Monday, May 6, 2024

Swift’s Native Clocks Are Very Inefficient

Wade Tregaskis (Hacker News):

In a nutshell, the problem is that Swift’s Clock protocol has significant overheads by design. If you look at a time profile of code like this, you’ll see things like[…]

That’s a lot of time wasted in function calls and struct initialisation and type conversion and protocol witnesses and all that guff. The only part that’s actually retrieving the time is the swift_get_time call (which is just a wrapper over clock_gettime, which is just a wrapper over clock_gettime_nsec_np(CLOCK_UPTIME_RAW), which is just a wrapper over mach_absolute_time).


The downside to calling mach_absolute_timedirectly, though, is that it’s on Apple’s “naughty” list – apparently it’s been abused for device fingerprinting, so Apple require you to beg for special permission if you want to use it (even though it’s used by all these other APIs anyway, as the basis for their implementations, and there’s nothing you can get from mach_absolute_time that you can’t get from them too 🤨).

This matches my experience that intuition is often wrong regarding Swift performance. Sometimes what seems like it would be a simple virtual call has more overhead than an Objective-C message send. Various dynamic stuff involving checking types/protocols can also be much slower than with Objective-C. The good news is that Date is fast, not even calling down to NSDate, and that there’s a pull request to inline some of this.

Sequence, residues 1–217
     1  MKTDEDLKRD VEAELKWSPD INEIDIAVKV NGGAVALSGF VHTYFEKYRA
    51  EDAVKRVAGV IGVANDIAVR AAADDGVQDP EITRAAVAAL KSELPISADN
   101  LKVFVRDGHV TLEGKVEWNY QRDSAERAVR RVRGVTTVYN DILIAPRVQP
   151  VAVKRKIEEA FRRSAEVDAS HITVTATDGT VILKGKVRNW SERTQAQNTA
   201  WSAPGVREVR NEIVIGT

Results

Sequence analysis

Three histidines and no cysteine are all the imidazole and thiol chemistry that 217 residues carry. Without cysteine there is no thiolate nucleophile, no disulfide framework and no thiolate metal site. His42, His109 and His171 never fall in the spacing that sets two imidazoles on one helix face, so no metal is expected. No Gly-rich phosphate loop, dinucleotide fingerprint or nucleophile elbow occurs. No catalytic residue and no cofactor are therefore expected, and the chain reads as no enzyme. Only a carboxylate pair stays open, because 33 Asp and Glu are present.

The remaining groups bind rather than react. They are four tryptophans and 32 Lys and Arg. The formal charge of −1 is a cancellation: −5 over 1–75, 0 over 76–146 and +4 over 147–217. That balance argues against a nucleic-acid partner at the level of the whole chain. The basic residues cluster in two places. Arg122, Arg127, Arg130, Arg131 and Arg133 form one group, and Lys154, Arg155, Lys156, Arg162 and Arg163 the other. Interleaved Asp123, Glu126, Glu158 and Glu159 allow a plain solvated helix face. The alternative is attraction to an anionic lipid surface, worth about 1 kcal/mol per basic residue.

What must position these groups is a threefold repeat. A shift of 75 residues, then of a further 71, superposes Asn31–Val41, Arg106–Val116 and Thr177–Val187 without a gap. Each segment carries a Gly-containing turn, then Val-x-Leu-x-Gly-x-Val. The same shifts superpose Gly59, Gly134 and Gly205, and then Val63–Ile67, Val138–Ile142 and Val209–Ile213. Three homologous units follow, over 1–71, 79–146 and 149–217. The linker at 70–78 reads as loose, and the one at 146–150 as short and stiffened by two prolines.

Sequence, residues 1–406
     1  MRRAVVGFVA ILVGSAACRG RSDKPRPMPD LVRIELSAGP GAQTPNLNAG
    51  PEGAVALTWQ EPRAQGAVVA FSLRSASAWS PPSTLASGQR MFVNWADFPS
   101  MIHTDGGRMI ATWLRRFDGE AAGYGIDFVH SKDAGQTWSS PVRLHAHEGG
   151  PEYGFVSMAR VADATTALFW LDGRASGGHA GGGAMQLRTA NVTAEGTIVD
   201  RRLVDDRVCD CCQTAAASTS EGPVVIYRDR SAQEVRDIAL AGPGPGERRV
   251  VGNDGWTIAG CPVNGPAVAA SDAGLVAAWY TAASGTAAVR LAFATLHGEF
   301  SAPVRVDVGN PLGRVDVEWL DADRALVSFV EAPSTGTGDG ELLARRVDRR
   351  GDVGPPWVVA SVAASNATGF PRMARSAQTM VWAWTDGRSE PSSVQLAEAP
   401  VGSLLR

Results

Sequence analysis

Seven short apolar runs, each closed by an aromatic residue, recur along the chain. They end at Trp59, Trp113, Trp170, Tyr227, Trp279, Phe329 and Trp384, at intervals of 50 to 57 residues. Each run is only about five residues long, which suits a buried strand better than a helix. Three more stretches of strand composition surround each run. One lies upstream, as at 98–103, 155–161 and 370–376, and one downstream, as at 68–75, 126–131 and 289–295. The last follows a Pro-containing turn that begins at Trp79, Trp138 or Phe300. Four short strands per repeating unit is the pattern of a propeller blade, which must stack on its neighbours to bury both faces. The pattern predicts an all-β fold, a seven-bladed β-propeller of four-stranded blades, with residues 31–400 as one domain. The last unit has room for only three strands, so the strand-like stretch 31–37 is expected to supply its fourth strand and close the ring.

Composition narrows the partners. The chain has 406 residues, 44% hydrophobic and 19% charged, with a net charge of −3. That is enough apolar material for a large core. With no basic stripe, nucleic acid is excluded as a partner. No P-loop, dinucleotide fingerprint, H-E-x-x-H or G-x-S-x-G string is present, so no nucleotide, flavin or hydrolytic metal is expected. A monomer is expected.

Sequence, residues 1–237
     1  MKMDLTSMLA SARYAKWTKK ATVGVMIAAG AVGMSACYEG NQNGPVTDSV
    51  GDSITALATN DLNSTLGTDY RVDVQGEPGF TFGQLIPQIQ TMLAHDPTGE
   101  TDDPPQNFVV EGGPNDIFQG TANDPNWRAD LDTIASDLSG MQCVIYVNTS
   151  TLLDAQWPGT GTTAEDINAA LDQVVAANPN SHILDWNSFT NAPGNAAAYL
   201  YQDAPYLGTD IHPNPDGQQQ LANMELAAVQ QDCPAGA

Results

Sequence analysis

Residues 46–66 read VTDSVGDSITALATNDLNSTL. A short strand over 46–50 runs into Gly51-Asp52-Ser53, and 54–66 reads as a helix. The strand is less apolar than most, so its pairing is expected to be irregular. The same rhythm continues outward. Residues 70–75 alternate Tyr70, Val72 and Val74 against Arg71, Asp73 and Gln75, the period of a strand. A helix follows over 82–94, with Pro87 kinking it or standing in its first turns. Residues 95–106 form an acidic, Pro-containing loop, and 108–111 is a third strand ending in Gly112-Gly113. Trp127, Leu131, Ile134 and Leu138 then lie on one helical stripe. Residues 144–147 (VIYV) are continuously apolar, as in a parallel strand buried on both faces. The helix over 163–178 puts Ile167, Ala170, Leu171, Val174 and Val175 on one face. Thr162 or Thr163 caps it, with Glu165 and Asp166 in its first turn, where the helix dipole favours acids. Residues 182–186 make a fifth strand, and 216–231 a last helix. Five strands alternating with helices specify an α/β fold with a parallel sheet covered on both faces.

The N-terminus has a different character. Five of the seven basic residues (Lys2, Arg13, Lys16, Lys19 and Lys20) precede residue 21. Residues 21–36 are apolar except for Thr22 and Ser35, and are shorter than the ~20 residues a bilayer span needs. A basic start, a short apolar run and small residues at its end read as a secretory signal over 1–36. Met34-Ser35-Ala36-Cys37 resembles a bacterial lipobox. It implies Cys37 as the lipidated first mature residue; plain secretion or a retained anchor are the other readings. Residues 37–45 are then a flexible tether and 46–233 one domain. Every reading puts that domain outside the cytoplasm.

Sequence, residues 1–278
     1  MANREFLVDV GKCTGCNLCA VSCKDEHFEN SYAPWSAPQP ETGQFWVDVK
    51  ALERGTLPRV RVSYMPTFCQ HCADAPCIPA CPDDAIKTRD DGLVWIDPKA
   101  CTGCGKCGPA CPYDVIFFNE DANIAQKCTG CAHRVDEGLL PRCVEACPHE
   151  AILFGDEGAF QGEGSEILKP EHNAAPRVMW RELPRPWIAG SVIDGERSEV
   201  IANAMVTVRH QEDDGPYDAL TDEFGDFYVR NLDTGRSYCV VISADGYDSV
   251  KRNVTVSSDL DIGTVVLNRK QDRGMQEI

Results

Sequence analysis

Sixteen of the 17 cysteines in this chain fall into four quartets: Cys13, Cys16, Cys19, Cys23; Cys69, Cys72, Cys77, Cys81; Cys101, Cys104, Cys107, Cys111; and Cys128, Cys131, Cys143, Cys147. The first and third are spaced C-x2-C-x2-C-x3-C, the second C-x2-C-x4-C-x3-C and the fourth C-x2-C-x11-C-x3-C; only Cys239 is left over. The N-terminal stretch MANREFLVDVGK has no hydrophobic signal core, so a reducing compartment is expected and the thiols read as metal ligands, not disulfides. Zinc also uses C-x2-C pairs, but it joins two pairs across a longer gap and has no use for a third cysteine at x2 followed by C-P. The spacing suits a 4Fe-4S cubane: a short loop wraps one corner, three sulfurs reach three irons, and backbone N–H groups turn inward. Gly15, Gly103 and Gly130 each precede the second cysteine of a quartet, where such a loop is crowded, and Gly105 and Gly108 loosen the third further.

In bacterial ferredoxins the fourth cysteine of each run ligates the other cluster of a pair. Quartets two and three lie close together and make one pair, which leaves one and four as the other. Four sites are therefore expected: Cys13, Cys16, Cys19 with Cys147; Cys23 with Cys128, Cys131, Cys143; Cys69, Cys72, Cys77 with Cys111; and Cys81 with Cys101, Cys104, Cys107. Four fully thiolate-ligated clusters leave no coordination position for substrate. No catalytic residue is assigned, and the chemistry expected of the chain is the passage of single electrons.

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I agree on the Swift performance thing. We’re at a point now where I consider anything Swift to be slow, until proven otherwise. When the Swift team released their embedded version for Playdate it came the claim that it was performant. So I asked for some figures: of course there were none. It was just an assumption on their part: it’s Swift, so it must be performant. I measured the performance and it ran at 60% of the speed of the C version it was a port of. Embarrassing.

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